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A pleasure to burn: Why do people like spicy foods?

Spicy foods and "constrained risks"

Spicy foods and "constrained risks"
Eating spicy foods triggers a mild defense response in us. Our heart rates rise, our breathing increases, and our adrenaline starts to flow. We feel alive. It's the same thrill-seeking behavior exhibited by bungee jumping, roller coasters, and horror movies. The thrill of pain rejuvenates us, while we secretly know all will be well in the end.

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A pleasure to burn: Why do people like spicy foods?

A pleasure to burn: Why do people like spicy foods?

https://bigthink.com/culture-religion/why-people-like-spicy-foods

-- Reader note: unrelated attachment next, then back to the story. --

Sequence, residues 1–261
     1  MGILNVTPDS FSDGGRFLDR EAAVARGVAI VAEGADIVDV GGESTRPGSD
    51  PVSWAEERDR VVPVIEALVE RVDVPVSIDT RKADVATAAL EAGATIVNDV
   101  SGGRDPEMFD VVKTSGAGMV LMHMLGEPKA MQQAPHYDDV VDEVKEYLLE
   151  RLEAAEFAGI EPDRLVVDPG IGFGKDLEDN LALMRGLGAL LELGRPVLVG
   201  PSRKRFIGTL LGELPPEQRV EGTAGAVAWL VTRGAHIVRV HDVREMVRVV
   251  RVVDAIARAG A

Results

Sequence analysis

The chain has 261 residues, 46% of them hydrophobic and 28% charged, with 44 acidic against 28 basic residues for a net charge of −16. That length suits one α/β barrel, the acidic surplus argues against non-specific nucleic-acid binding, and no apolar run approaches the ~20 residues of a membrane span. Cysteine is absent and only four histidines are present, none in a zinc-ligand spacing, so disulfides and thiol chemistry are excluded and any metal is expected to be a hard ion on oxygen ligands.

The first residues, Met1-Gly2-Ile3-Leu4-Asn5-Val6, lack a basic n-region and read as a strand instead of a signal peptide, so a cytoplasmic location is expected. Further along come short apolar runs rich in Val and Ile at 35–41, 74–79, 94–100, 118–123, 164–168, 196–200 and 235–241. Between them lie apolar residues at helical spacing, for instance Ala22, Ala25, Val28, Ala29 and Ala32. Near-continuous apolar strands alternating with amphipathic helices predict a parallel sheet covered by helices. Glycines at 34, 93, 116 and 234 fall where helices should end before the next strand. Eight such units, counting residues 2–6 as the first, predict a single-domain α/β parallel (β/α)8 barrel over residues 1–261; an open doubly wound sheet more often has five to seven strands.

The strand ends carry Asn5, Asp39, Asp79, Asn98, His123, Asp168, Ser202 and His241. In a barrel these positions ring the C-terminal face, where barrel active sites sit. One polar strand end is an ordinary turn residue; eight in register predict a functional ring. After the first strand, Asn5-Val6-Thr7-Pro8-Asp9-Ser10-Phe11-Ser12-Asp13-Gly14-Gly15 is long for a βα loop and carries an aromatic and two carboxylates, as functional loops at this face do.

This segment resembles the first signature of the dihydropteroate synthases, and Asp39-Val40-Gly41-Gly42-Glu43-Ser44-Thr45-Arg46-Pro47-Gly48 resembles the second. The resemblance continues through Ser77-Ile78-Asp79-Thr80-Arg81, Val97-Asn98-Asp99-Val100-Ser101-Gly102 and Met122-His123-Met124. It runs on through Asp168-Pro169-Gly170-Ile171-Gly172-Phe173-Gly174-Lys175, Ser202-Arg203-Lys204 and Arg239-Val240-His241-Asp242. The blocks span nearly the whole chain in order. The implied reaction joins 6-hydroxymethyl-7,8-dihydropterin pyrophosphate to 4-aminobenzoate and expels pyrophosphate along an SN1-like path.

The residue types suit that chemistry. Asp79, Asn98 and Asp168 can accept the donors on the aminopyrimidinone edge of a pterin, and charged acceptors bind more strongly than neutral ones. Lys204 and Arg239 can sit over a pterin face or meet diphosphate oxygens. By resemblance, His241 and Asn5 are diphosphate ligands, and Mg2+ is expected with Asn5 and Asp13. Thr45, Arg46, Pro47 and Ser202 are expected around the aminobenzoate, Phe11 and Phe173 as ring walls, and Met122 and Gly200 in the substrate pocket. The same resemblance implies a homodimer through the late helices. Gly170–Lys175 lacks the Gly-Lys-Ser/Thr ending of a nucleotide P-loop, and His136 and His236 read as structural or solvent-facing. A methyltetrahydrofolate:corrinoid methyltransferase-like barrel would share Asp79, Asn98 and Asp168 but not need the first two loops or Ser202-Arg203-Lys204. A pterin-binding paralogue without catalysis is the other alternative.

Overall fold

bigthink.com

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Key Ideas

Spicy foods and "constrained risks"

Eating spicy foods triggers a mild defense response in us. Our heart rates rise, our breathing increases, and our adrenaline starts to flow. We feel alive. It's the same thrill-seeking behavior exhibited by bungee jumping, roller coasters, and horror movies. The thrill of pain rejuvenates us, while we secretly know all will be well in the end.

Spicy foods-an acquired taste

Spicy foods have antifungal and antibacterial properties. In this light, humans have culturally and genetically evolved a preference for spicy foods because they protect us from microscopic assailants. When our taste buds encounter pungency, it's a signal to our brains that the food is cleaner.

Preference for spicy foods, like all foods, is the result of a complex interplay of genes, culture, memory, and personality,  a complex design that scientists are only now beginning to u...

Preference for spicy foods, like all foods, is the result of a complex interplay of genes, culture, memory, and personality,  a complex design that scientists are only now beginning to understand

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